This movie wins five stars from me. Wow!
And why do I rate it so highly? It was breath-taking. Neeson and Rush are superb.
But, more significantly, it gives me the sense that I am observing the story of Easter, and it draws me into observing Lent.
I want so much to identify with the grace and mercy of Valjean and the priest. But more often than not, I find that I am probably more like the self-righteous gendarme — judging others by laws and expectations, by their past actions or by dumb things they still choose to do, instead of looking at them through eyes of love and forgiveness.
I find myself hating the gendarme; but I also recognise myself in him.
Like the movie Chocolat, Les Misérables is full of contrast: good versus evil, light versus darkness, love versus hate.
Both have vigilant law-abiding citizens using the law to clean up their societies. Both demonstrate that love is much more powerful than the law.
In both movies love triumphs — like at Easter.
Yet what do we read in our papers? Why do we lose our hope? What was the last ‘good news’ headline we read in the paper or watched on the television?
Apparently blood sells. So does evil. So does fear. And it sells only because we buy it. Funny that.
Why do we buy papers that tell us about terrible things? Is it because of our compassion, or our safety concerns? Or is it that we, too, become the self-righteous gendarmes and measure our own righteousness against the failures of others? Perhaps, having other people’s fallen lives and misdemeanours in print gives us an opportunity to forget about the logs in our own eyes.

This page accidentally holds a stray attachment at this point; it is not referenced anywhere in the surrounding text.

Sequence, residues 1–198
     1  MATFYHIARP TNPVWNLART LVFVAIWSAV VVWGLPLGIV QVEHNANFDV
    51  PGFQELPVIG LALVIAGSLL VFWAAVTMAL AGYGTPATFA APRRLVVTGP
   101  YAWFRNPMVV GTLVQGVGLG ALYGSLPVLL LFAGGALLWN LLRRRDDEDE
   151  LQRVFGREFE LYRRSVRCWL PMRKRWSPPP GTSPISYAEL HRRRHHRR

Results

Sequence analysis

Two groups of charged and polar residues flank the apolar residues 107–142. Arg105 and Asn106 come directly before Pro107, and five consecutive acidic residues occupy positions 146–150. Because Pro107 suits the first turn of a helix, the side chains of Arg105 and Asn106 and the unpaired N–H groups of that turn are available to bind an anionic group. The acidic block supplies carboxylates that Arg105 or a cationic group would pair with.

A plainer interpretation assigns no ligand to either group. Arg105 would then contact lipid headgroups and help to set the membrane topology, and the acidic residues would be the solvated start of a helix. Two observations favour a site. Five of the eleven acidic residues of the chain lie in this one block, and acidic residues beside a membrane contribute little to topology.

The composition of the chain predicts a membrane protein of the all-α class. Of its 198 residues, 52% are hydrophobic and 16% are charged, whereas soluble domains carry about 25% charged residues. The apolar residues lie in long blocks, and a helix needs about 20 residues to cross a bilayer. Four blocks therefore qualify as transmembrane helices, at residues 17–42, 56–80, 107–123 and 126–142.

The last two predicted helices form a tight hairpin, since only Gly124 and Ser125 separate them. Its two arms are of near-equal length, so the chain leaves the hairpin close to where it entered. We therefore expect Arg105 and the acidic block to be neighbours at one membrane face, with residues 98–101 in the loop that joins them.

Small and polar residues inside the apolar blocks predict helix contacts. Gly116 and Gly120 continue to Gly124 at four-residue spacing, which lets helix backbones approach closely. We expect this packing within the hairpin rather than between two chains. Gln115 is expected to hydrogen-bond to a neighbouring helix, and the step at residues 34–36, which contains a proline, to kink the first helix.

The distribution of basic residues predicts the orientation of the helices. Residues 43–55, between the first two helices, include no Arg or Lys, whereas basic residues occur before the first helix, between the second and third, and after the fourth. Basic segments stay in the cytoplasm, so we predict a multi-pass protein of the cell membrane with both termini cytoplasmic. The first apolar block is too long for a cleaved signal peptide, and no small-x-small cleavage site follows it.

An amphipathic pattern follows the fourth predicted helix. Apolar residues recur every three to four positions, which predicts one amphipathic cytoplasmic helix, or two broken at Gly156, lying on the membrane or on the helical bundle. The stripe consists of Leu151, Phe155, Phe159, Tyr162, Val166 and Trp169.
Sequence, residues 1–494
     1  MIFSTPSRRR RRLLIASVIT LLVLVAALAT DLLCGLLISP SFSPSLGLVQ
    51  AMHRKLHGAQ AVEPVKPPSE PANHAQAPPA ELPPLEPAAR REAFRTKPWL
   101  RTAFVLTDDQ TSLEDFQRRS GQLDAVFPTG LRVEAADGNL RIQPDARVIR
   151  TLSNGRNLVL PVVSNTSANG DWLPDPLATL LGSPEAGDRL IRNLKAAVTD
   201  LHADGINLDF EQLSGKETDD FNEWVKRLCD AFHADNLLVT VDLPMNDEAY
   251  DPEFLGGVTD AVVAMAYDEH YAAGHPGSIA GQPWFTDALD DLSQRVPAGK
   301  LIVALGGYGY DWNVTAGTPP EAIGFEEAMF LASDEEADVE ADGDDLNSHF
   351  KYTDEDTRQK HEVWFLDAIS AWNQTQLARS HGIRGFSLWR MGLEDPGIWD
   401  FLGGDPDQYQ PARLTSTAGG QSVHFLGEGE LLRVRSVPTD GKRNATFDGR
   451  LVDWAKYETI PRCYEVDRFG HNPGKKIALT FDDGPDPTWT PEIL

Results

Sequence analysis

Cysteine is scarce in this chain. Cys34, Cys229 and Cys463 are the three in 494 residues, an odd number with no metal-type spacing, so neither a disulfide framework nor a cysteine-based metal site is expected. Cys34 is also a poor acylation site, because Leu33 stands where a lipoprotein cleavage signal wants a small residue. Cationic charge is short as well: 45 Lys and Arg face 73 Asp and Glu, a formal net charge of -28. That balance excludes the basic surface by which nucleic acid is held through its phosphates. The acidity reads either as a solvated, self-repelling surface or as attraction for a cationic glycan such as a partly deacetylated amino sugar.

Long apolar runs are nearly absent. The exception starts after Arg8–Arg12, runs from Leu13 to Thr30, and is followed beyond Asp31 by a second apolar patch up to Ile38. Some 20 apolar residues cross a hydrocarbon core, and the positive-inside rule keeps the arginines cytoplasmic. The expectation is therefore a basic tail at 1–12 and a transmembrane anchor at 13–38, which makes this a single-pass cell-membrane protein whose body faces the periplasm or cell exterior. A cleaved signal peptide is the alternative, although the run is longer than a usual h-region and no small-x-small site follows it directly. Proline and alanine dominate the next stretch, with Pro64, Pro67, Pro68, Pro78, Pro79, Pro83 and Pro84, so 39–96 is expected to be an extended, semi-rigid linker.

I remember one particular Easter. I’d just had an altercation with a friend. I could not understand where she was coming from — until it hit me that she had never realised that Easter was for her. She reacted violently against Jesus’ words, ‘Don’t weep for me; weep for yourselves!’
Then the realisation hit me. My friend could not understand Easter because she’d never recognised her need for forgiveness: Surely nothing she’d ever done warranted anybody dying for her. She possibly remains convinced of that.
In contrast, I remember being with another friend who came to the realisation that it didn’t matter what she’d ever done, Christ’s death on the cross covered it all. Her response was pure joy — an absolute life-changing experience for her. (And for me, too, having only recently learnt a quick ‘formula’ for sharing the gospel, which was the instrument God used in that particular circumstance to bring a life to its fullest.)
Every Easter I come to a new realisation, a new reality. This year it is that the log in my eye is pretty darn big!
Thank God, though, that he uses the logs in our eyes, and our misdemeanours, to help us to realise that Easter is for us. For me! Jesus died for me! His love overcame the death prescribed for me. His love was, and is, triumphant over death.
And that is why I love Easter.
Originally published as ‘I love Easter (and Les Mis)’ in The Lutheran, 2009, April edition.